"Newsmen had to be resourceful when the purse was empty, and it usually was"

In those early years of journalism in San Francisco one of the things that I remember is how broke we all were at almost all times. Small wonder since reporters and photographers were notoriously underpaid in that era. At least that was the way we viewed it.

One afternoon my Editor and I were at the Press Club deeming it too late to return to the office, after all it was 3 p.m. Also present was Art, a staffer from the Chronicle and Bob, a photographer from the old San Francisco News. We were all flat broke and the reason we were standing at the Bar of the Press Club drinking beer by the glass was because my editor could sign chits there but not for much longer. As Art put it we were all "tap city" an expression I never heard used anywhere except in San Francisco.

Unspoken was the thought that there might be a press conference being held somewhere that would offer free drinks and eats as well. In the parlance of our group "a free load".

One of the bright spots for newsmen in that era was the Press Party put on by some well heeled client. As it happened this particular afternoon in walks Jack, one of the well known publicists around town.

These events worked two ways. The PR person or publicist needed bodies at his staged conference who at least looked like newsmen since the City Editors of the dailies were a hard hearted lot who seldom would commit a reporter and especially a photographer to such affairs which almost never were "hard news".

And of course the Press Club was always a gathering place for hard up reporters and news types just looking for some place to go that didn't cost money.

It seemed that Jack was staging a Press briefing for a new client at the Palace Hotel at 4:30 p.m. and at the moment was worried about how many genuine press people he could round up to attend. We were just what he was looking for and it certainly sounded good to us, in fact it was the answer to our prayers.

As we were leaving the Club who do we meet but Syd, yet another publicist and it seems he also has a press event scheduled that evening at a Yacht Club in the Marina. Syd was apologetic becaue his Client was a member of the Yacht Club and insisted the conference be held there. He knew it was a bit "far out" but he promised that there would be plenty of "goodies". In San Francisco any place you couldn't walk to in 10 minutes was consided "far out." At this news Art and Bob looked like they had winning tickets in a lottery and we faithfully promised Syd we would attend his event which didn't start till 7 p.m.

Both Bob and I used Speed Graphics, the working press camera of that era and the one you see most often now in old movies, and when we took our cameras complete with pockets bulging with flash bulbs to one of these events the PR person would be geddy with delight.

I was still very new to "working journalism" at that time but I had quickly learned that my Speed Graphic was practically a ticket to many events around town.

So off we went to the Palace Hotel in my well used Ford, four newsmen on "assignment". Bob always carried a placard in his camera bag that read: "San Francisco News Press Photographer". With this in the the corner of my windshield the smartly uniformed doorman allowed us to park right in front of the entrance despite the appearance of my auto which the local pigeons seemed to adore.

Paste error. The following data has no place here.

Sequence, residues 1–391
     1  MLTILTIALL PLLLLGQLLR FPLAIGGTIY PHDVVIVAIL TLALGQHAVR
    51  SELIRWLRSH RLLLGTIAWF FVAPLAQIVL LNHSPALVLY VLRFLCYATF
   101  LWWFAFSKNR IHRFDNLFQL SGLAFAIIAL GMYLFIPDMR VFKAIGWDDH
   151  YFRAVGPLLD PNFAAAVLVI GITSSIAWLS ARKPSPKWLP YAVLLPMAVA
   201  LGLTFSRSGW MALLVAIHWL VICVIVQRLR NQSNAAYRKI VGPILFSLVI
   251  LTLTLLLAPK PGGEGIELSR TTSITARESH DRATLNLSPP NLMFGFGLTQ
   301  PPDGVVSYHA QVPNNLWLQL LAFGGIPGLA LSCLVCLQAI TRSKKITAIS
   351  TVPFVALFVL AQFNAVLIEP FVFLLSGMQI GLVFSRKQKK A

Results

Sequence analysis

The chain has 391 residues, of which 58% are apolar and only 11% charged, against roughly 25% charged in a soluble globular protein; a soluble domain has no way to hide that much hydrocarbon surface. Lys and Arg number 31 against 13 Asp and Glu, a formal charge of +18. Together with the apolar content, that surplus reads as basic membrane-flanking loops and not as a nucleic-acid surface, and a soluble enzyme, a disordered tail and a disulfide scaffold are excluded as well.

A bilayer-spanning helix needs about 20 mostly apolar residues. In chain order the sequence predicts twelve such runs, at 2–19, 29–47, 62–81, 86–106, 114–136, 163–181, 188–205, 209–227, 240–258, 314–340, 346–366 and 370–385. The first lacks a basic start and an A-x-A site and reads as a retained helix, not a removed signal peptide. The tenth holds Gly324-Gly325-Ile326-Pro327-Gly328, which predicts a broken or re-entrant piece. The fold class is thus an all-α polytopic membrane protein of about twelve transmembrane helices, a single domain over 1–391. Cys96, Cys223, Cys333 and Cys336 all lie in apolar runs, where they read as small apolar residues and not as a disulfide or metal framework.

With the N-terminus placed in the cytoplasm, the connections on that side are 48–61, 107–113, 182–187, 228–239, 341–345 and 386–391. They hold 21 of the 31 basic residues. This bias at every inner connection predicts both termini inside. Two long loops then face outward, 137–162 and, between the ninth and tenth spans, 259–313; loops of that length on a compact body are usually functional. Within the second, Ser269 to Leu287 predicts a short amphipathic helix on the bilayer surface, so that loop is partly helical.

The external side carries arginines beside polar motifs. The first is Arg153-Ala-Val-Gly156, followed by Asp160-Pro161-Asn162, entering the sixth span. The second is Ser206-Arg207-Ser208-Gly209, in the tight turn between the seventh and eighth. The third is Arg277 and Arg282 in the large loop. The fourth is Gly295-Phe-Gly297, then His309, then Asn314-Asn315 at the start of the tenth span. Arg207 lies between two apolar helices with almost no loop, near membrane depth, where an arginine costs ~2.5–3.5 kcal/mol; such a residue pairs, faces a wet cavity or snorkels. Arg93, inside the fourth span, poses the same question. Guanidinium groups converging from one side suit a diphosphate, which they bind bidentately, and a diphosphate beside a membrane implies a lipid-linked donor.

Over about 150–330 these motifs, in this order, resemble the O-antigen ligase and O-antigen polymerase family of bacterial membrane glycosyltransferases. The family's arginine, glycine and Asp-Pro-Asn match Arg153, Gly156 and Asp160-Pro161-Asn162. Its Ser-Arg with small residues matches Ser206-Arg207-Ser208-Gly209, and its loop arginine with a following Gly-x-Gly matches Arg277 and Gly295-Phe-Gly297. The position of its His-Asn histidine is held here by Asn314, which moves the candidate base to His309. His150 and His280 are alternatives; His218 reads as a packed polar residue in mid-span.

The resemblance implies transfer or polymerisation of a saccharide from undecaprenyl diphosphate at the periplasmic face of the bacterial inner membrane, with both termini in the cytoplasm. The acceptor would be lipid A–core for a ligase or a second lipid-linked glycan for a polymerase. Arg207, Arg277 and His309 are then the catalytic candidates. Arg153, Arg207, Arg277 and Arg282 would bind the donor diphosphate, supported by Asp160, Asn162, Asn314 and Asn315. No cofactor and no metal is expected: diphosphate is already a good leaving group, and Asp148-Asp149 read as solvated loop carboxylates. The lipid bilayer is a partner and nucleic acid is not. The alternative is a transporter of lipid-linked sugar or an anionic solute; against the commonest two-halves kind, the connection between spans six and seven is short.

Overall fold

The party at the Palace was all we could have asked for, a hosted bar, waiters in formal attire serving French champagne and a truly elegant buffet complete with such delights as oysters on the half shell, smoked salmon, delicate canapes of caviar, or roast beef sliced before your eyes, or perhaps the shelled crab legs and jumbo shrimp ready for dipping in a delectable red seafood sauce..

After sipping champagne like we did this every afternoon and making several trips to the buffet Bob and I were ready to flash some bulbs to make the client, who evidently had deep pockets, as well as Jack the publicist happy. So we obligingly had Jack line up photos at will while we expended many bulbs and some film. It was old pro Bob who taught me to use some film as there might be an order for prints later which could spell out to some much needed extra cash.

And Art and my Editor and some of the other Press Club locals, after helping depletions at the bar, did their part as well with the "interview" as a beaming Jack looked on approvingly.

What had started out as an afternoon and evening with no prospects had suddenly developed into a memorable occasion. As the party started to dwindle at the Palace we made our excuses to Jack and the Client explaining that we were on "deadline" and had to leave.

So we were now on our way to good old Syd's Yacht Club function in the Marina. San Francisco is a compact city but even so it does take gasoline to run a car and as we got back into my Ford I noticed the gas tank gauge stood on empty.

This called for a top level meeting with my colleagues since I had just 35 cents on me at the moment. My colleagues started going through their pockets as well and among the four of us, all dressed in business suits and ties, we had a grand total of $1.15.

This seemed ample so I pulled into a gas station and got $1 worth of gas counting out nickels, dimes, 10 pennies and two quarters to an attendant who was sure he was seeing the last of the big spenders. Bob felt he needed the 15 cents later to ride the Muni bus home.

As I remember it, although things got very hazy as the evening progressed, the Yacht Club party was also a smashing success.

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Last Update:12/10/97

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